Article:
A global pandemic could travel anywhere in the world in 36 hours – and kill up to 80 million people

 ·18 Sep 2019

A new study has warned that there is a growing risk of a global pandemic breaking out – and the world is not prepared to handle the dire consequences.

This was one of the major findings in a new report released by the Global Preparedness Monitoring Board (GPMB), an independent monitoring and accountability body that tracks the preparedness for global health crises.

While scientific and technological developments provide new tools that advance public health (including safely assessing medical countermeasures), they also allow for disease-causing micro-organisms to be engineered or recreated in laboratories, the GPMB said.

“A deliberate release would complicate outbreak response; in addition to the need to decide how to counter the pathogen, security measures would come into play limiting information-sharing and fomenting social divisions,” it said.

“Taken together, naturally occurring, accidental, or deliberate events caused by high-impact respiratory pathogens pose global catastrophic biological risks”.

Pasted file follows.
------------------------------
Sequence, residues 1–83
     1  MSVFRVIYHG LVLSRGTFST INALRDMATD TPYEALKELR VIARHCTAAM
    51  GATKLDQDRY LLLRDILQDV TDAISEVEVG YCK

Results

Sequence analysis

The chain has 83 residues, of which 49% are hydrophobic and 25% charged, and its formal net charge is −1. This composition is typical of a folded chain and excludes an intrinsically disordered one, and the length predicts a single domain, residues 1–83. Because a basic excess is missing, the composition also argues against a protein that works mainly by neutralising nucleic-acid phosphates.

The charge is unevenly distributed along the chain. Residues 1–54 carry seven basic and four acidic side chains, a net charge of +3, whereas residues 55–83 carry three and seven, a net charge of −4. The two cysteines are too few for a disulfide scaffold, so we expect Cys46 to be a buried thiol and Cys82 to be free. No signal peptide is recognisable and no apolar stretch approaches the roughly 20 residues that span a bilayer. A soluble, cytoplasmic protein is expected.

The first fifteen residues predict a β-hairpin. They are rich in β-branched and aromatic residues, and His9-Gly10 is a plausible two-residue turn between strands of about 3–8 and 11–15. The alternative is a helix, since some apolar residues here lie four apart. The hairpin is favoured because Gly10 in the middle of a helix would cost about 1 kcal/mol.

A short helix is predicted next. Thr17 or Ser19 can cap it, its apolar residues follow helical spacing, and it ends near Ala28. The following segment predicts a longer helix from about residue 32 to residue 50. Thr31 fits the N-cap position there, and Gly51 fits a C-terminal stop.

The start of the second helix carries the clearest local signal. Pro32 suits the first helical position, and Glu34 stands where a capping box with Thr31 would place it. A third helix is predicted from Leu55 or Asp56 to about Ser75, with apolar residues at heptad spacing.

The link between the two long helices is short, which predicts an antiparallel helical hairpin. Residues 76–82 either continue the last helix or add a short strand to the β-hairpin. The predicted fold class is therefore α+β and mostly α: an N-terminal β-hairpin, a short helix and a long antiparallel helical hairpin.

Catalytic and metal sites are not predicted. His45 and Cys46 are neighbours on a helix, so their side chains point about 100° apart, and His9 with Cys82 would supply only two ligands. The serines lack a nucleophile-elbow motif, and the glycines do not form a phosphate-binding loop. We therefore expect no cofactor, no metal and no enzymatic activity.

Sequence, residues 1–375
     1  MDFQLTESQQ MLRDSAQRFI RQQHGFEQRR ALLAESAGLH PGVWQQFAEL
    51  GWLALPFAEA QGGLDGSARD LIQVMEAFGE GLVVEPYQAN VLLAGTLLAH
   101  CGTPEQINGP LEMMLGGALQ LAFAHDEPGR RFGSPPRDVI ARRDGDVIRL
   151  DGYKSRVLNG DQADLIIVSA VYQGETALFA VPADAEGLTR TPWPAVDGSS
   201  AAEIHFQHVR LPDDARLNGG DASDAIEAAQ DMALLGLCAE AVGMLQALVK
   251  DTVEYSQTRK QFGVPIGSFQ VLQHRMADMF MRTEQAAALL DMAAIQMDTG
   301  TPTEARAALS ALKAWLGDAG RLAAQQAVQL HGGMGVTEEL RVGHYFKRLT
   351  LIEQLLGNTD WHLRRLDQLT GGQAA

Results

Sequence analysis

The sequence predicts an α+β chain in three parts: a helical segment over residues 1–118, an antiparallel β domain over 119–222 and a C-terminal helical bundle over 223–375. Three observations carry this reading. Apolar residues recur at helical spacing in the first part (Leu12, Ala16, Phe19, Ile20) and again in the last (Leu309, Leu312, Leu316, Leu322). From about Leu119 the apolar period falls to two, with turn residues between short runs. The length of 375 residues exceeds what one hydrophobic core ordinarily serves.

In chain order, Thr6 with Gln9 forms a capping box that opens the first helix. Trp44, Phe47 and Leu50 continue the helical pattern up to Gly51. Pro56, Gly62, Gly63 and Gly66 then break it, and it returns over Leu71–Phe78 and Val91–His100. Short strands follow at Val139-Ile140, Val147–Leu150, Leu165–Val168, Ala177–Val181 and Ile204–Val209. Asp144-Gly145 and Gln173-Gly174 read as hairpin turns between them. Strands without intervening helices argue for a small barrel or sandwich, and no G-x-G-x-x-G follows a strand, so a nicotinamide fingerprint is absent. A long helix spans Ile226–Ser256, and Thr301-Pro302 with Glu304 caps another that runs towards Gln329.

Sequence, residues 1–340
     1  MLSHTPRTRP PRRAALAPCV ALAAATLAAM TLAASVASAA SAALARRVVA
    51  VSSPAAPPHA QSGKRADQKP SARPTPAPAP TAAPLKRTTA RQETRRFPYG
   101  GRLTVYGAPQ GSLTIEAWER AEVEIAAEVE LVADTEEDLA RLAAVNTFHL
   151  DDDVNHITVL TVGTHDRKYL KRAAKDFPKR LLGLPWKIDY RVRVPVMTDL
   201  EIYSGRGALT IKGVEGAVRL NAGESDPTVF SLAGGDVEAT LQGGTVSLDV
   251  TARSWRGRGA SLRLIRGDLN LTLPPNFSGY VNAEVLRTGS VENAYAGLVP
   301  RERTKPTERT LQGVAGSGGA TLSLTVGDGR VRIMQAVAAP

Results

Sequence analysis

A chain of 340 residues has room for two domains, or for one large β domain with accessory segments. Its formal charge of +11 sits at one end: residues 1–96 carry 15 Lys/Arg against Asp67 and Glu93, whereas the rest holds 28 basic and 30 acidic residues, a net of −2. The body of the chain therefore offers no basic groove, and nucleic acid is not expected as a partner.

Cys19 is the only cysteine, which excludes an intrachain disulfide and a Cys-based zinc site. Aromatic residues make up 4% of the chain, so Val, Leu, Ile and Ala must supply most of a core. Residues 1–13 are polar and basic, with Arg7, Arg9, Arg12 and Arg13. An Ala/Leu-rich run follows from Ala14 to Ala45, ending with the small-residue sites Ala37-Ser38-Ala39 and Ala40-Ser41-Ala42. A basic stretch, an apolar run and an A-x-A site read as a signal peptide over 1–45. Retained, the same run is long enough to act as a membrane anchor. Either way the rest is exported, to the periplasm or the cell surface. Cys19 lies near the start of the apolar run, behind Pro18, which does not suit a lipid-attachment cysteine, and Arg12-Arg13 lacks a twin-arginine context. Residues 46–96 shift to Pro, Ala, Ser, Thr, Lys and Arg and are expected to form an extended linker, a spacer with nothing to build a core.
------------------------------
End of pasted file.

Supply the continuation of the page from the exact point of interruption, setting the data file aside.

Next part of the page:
The world would not be prepared for a fast-moving, virulent respiratory pathogen pandemic, the GPMB said.

It noted that the 1918 global influenza pandemic sickened one-third of the world population and killed as many as 50 million people – 2.8% of the total population at the time.

“If a similar contagion occurred today- with a population four times larger and travel times anywhere in the world taking less than 36 hours, 50-80 million people could perish,” it said.

“In addition to tragic levels of mortality, such a pandemic could cause panic, destabilise national security and seriously impact the global economy and trade.”


In addition to the human factor, the GPMB said that there are severe financial costs associated with diseases outbreaks.

Estimated costs of past events include:

  • A loss of over $40 billion in productivity from the 2003 SARS epidemic;
  • $53 billion loss from the economic and social impact of the 2014-2016 West Africa Ebola outbreak;
  • The $45 to 55 billion cost of the 2009 H1N1 influenza pandemic.

“The World Bank estimates that a global influenza pandemic akin to the scale and virulence of the one in 1918 would cost the modern economy $3 trillion, or up to 4.8% of gross domestic product (GDP),” the GPMB said.

“The cost would be 2.2% of GDP for even a moderately virulent influenza pandemic.

“Models predict the annual cost of a global influenza pandemic would mean that South Asia’s GDP would drop by 2% (US$ 53 billion), and sub-Saharan Africa’s GDP by 1.7% (US$ 28 billion), the latter equivalent to erasing a full year’s economic growth.”

Read: South Africa’s NHI pilot projects were not a failure: health minister

Show comments
Subscribe to our daily newsletter